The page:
Terri Schiavo is a Florida woman who was dehydrated to death in March 2005 following a court decision.  Fifteen years earlier in February 1990, Terri had collapsed and suffered brain damage. Later in 1998, her husband petitioned a probate  court to have her feeding tube removed. The case wound its way through the courts with Terri’s family battling for her life. Her parents and siblings very much wanted to care for her. Terri died on March 31, 2005, thirteen days after her feeding tube was removed. Her death was anything but peaceful and beautiful as her brother Bobby and sister Suzanne attested.
Now from France comes a similar case. From a news report,  we learn that Vincent Lambert’s parents are equally distraught  at the court decision  approving the death of their son by dehydration/starvation. His mother Vivian said “it’s scandalous. They are condemning my son. We will remain by Vincent’s side and will continue to fight.”
The Terri Schiavo Hope and Life network commented on the decision of the European Court of Human rights permitting the dehydration and starvation of Vincent Lambert. A portion of their statement follows:
PHILADELPHIA, June 16, 2015 – The family of Terri Schiavo is reacting to a court ruling that allows Vincent Lambert, the man known as the “Terri Schiavo of France” to be starved and dehydrated to death. “With so many questions in this case, why would you err on the side of death? As in my sister’s situation, we don’t know what Vincent’s wishes are,” says Terri Schiavo’s brother, Bobby Schindler, who is executive director of the Terri Schiavo Life & Hope Network. “Vincent’s parents are willing to care for him and have the right to do so. We strongly support their efforts and oppose the court’s ruling.”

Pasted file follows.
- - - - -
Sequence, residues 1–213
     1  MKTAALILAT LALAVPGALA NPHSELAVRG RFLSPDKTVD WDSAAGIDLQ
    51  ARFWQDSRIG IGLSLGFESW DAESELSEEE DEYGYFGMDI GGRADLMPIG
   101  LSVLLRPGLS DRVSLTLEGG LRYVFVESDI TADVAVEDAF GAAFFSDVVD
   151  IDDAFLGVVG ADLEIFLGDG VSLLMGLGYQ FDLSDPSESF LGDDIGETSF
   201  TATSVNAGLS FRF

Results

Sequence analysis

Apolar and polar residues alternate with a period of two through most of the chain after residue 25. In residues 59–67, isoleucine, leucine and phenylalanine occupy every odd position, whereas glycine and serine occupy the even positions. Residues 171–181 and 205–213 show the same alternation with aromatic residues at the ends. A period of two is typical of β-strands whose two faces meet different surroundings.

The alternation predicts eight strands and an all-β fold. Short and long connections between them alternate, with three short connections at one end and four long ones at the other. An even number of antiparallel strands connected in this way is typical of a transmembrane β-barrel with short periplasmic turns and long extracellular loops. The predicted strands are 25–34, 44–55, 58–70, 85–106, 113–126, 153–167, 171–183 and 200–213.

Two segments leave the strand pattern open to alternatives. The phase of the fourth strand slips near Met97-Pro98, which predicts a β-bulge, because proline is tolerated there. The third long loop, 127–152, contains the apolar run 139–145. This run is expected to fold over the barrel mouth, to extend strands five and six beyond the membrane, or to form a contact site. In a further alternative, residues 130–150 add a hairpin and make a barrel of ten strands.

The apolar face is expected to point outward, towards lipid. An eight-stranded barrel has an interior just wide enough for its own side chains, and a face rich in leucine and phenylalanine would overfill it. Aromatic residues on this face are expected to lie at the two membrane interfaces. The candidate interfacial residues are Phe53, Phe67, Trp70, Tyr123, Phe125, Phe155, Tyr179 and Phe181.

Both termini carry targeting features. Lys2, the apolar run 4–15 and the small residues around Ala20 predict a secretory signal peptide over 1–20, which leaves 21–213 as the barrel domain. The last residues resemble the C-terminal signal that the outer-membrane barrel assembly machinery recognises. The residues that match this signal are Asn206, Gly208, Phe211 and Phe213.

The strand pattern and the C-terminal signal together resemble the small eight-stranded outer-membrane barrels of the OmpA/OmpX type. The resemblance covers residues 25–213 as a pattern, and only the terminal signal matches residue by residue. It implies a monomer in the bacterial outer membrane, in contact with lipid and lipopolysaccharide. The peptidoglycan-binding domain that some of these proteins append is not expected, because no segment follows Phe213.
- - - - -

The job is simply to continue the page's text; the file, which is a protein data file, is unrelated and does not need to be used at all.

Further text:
Lambert experienced a profound brain injury seven years ago after a motorcycle accident. His wife and some siblings agree with a doctor’s recommendation that his life should end. But Lambert’s parents and other siblings say he is showing progress and needs better care. On June 5, a court ruled that the decision to stop intravenously feeding Lambert did not violate European laws.
“This case parallels my sister Terri’s case in so many ways,” says Schindler. “Vincent’s family is fighting for his life, wanting to continue therapy. Since Terri’s death, there have been dramatic breakthroughs in treatment and promise of new technologies on the horizon. There are documented cases in which brain-injured patients become capable of moderate levels of consciousness and actually regain some level of functionality. There are also cases on record where such patients regain full functionality and today live active, independent lives.”

“Protecting those who cannot advocate for themselves is the mission behind the Terri Schiavo Life & Hope Network, and we are raising awareness around this issue and advocating for change.”
The Philadelphia-based nonprofit has responded to requests from more than a thousand families, supporting them with advocacy, guidance and resources at no charge.
“Many family members are willing to take on the responsibility of care and the long, hard work of rehabbing their loved ones to higher levels of consciousness. All they ask is for the right to do so,” says Schindler.”